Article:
Rishi Sunak will launch the new Public Sector Fraud Authority in July. It follows reports that £4.9billion worth of Government bounce back loans, given out by the Government to help struggling businesses during the pandemic, were squandered or smuggled out of the UK.
The Government said the new body will recruit data analytics experts and economic crime investigators to recover money stolen from Covid support schemes and identify suspicious companies.
“We will chase down fraudsters who rip off the taxpayer,” Mr Sunak said.
“This elite fraud squad, backed by £25 million, will ensure the latest counter fraud techniques are being used to track down these criminals.
“People are rightly furious that fraudsters took advantage of our vital Covid support schemes, and we are acting to make sure they pay the price.”
An investigation by the Times revealed fraudsters had fleeced the taxpayer using the Government’s Covid loan scheme.
The bounce back scheme was designed to help small businesses through lockdown. Businesses could apply for loans of up to £50,000 based on their turnover, which they self-declared.
The loans were offered at a fixed rate of 2.5 per cent and the money was supposed to be paid back over six years.
For the first year the Government covered the interest. The money was provided by banks, but guaranteed by the taxpayer if businesses failed to pay it back.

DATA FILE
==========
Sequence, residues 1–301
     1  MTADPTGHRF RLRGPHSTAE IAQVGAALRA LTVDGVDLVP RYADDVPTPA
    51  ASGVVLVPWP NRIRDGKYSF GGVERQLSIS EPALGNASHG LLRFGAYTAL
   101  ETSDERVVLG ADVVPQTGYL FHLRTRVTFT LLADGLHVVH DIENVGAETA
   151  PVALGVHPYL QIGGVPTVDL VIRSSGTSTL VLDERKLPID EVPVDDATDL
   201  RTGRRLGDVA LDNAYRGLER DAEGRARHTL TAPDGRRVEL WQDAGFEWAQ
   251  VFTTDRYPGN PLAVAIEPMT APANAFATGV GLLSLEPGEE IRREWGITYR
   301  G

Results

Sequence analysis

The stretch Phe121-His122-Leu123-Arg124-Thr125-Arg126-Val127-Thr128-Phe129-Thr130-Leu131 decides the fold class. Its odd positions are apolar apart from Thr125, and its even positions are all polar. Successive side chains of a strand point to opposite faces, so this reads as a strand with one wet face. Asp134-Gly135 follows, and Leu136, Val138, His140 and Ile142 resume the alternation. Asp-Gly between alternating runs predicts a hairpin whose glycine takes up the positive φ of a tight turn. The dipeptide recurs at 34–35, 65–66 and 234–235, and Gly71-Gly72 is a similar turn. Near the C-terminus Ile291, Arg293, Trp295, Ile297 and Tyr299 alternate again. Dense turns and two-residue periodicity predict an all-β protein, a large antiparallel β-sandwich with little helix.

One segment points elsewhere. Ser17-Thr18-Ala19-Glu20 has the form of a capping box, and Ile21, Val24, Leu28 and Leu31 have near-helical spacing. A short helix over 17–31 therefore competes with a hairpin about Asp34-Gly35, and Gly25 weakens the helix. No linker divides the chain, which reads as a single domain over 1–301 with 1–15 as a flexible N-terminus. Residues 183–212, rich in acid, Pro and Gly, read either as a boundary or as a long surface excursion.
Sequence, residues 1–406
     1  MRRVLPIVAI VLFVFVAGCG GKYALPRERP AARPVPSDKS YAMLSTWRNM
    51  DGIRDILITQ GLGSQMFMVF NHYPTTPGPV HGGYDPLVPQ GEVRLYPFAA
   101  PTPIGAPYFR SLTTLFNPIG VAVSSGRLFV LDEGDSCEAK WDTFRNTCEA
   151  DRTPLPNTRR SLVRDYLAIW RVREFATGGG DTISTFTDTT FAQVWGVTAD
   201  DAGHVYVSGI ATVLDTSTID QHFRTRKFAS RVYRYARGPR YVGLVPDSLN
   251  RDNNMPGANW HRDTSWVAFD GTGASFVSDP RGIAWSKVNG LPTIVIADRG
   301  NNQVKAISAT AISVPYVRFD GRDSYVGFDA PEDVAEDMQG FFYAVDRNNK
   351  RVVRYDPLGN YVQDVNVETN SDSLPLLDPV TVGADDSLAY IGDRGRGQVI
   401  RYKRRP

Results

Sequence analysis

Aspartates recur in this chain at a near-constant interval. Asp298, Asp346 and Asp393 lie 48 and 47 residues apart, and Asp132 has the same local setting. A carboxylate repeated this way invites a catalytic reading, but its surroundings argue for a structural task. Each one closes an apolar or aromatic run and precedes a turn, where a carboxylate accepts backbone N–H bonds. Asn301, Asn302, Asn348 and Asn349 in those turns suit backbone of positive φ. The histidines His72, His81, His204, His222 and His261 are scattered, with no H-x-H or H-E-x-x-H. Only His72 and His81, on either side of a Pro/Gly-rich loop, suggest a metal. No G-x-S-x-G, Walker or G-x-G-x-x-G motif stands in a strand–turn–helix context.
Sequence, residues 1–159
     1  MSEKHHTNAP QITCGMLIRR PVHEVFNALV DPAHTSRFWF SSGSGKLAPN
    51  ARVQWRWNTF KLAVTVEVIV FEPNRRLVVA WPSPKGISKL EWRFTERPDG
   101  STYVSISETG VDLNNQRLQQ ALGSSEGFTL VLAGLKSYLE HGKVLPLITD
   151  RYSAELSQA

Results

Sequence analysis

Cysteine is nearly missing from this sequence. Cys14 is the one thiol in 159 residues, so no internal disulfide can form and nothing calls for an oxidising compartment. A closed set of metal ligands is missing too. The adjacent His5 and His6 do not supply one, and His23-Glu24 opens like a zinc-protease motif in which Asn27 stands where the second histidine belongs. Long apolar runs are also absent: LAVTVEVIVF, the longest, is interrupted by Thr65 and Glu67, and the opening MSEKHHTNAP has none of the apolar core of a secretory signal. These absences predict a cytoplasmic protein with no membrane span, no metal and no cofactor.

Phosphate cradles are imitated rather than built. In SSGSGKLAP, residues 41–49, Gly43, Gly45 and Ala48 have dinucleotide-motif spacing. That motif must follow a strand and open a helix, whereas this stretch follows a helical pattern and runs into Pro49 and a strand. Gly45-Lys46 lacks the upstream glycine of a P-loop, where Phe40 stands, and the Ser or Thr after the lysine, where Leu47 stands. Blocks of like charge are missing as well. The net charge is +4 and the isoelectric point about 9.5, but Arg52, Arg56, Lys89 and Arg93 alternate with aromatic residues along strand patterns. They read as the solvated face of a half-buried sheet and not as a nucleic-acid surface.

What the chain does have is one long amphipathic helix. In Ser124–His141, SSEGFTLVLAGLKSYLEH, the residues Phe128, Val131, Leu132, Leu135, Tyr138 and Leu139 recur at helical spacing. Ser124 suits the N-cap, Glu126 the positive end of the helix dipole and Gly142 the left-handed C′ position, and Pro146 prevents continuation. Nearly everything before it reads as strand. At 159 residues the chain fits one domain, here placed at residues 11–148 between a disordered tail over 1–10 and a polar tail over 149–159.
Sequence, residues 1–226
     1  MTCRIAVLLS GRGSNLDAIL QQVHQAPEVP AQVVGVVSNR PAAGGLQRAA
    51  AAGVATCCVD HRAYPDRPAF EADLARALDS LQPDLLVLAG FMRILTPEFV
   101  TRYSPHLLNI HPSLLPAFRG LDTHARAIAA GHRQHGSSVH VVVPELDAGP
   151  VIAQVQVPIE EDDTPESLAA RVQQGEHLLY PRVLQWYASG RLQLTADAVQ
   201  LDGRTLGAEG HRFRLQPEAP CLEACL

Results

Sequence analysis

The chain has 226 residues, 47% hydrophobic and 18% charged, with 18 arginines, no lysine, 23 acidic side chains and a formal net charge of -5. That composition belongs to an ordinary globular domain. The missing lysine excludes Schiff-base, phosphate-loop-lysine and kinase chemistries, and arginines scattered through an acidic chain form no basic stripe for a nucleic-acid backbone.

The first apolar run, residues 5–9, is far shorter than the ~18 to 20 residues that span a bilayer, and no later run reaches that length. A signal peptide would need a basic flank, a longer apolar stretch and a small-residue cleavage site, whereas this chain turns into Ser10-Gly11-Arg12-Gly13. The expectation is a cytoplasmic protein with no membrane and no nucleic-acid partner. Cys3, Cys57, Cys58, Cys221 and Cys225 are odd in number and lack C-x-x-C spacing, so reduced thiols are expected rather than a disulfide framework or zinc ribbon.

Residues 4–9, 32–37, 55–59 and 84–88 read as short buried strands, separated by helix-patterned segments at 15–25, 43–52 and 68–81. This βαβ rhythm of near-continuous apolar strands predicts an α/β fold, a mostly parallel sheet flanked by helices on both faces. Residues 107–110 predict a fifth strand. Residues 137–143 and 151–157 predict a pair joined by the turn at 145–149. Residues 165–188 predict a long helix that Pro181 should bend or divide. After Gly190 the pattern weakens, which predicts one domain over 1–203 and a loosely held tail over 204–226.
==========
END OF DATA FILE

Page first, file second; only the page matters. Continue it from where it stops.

In many cases businesses or individuals took out loans before immediately sending the money to personal bank accounts, which was forbidden under the scheme.
At least £100 million of the Covid loans went to companies formed after the pandemic began.
In December a report from the National Audit Office found the loan scheme was implemented too slowly to be effective and the Government’s activity to limit taxpayers’ exposure to fraudulent loans was inadequate.
It was estimated that 11 per cent of bounce back payments worth £4.9 billion were fraudulent.
Mr Sunak unveiled details of the new counter fraud squad at the first meeting of the Government’s new Efficiencies and Value for Money Committee on Wednesday.
The committee is chaired by the Chancellor and co-chaired by Simon Clarke, Chief Secretary to the Treasury and Jacob Rees-Mogg, Minister for Brexit Opportunities and Government Efficiency.
Mr Rees-Mogg said:"Hardworking taxpayers must and will be protected. Anyone who tries to defraud the public purse will know that we as a government are coming for them and we are going to put them behind bars."